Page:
29 Dec 2022
Bulletproof TLS Newsletter is a free periodic newsletter bringing you commentary and news surrounding SSL/TLS and Internet PKI, designed to keep you informed about the latest developments in this space. Received monthly by more than 50,000 subscribers. Written by Ivan Ristić.
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We previously wrote that concerns were raised on Mozilla’s dev-security-policy mailing list about the trustworthiness of TrustCor CA. Joel Reardon, a professor at the University of Calgary with interest in privacy in the mobile space, reported on the possible connections and shared ownership between TrustCor CA and a company called Measurement Systems. This is relevant because the latter had been linked to a US defense contractor and implicated in collecting private information from mobile application users.
People familiar with the PKI space and operation of trust stores could tell how this conversation was going to end as soon as TrustCor’s first email arrived in their mailboxes. That first response and the follow-up emails all followed the same pattern: too much text, a lot of rambling, and not enough factual information. Contrast that style of communication with Mozilla’s concise request for information.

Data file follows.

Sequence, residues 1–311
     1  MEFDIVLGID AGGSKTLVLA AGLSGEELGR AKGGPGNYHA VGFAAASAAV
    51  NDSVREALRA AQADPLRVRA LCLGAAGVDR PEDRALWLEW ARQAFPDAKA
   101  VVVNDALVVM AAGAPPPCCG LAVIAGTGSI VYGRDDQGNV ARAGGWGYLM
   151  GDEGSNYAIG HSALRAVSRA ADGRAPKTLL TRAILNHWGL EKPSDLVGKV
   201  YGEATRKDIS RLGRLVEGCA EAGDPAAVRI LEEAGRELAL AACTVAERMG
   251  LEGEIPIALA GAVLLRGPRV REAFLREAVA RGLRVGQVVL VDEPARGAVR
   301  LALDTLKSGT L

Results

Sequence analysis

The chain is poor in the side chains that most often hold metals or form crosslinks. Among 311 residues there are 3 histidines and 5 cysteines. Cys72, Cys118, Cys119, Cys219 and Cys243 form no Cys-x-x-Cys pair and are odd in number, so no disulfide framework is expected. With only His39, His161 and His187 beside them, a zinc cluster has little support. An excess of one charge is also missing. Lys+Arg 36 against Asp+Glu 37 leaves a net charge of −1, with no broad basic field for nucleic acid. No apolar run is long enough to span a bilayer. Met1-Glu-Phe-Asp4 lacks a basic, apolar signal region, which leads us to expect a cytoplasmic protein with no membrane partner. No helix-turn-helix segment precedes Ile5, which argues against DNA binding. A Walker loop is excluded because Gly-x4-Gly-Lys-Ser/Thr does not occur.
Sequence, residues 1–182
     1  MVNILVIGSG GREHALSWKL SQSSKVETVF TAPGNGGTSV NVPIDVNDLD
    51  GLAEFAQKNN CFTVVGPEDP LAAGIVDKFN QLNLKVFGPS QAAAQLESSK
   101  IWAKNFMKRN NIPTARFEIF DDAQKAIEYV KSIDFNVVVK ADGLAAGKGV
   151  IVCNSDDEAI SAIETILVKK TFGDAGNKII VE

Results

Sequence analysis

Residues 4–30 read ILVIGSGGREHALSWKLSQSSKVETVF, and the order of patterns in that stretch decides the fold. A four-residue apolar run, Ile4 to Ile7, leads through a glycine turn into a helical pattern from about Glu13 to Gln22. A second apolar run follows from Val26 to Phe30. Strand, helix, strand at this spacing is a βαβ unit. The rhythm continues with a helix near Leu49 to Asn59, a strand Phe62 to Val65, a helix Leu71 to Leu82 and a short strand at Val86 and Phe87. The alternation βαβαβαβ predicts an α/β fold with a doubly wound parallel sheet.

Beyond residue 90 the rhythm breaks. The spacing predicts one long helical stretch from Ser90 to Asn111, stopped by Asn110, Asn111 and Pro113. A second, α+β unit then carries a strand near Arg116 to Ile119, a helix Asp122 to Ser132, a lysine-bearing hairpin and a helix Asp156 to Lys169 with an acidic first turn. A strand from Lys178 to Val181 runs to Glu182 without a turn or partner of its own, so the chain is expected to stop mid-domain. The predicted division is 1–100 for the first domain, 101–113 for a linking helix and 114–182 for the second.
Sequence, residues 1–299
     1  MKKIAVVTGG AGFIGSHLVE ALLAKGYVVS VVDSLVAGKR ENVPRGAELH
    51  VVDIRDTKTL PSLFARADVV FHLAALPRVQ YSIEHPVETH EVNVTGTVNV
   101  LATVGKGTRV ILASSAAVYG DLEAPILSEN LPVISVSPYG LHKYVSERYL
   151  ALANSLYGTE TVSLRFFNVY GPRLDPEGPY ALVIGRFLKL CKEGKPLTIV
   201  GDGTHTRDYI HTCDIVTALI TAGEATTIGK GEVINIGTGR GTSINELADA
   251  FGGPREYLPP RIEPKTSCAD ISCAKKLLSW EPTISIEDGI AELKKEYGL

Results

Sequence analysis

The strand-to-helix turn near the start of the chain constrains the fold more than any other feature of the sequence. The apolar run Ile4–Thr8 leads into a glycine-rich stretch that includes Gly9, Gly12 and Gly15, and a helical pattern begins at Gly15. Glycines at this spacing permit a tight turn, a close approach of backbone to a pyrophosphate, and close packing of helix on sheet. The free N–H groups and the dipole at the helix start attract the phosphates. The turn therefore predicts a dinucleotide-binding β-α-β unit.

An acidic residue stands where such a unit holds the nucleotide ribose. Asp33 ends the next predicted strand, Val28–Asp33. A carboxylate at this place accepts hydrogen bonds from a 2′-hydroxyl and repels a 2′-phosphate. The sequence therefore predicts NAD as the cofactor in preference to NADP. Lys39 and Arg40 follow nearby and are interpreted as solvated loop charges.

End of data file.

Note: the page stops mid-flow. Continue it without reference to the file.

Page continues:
In the span of less than a month, TrustCor ended up being distrusted by Microsoft, Mozilla, and then Google. What’s interesting in this case is that the removal happened not because of the information that was initially uncovered. There was no smoking gun, and TrustCor CA was not found to have breached its technical obligations. However, the unsatisfactory responses eroded the user agents’ trust. The initial doubt and circumstantial evidence, combined with TrustCor’s small actual footprint in the public certificate space, led to its demise.
The world is most definitely better off with TrustCor removed from the root stores. After all, any trusted CA can issue certificates for any domain name, so we ought to be super extra cautious about who is being allowed in.
That said, this incident is a reminder that CAs are allowed in root stores at the user agents’ absolute discretion. A CA is not able to continue to do business if any one of the major vendors (Apple, Google, Microsoft, or Mozilla) decides not to trust it. Some vendors are better than others at establishing the rules. Microsoft apparently distrusted TrustCor without notifying the company. But even if we take Mozilla as the leader in transparency and process, its response essentially boils down to “we don’t trust you.”
Trust is no doubt difficult to quantify, but not being able to answer the question “What rule has been broken?” is most definitely going to annoy EU officials, who are famously laser-focused on establishing rules for everything. As you may remember from last month’s newsletter, the EU plans to establish stronger controls over digital trust in its territories, and browser vendors are not happy about that.
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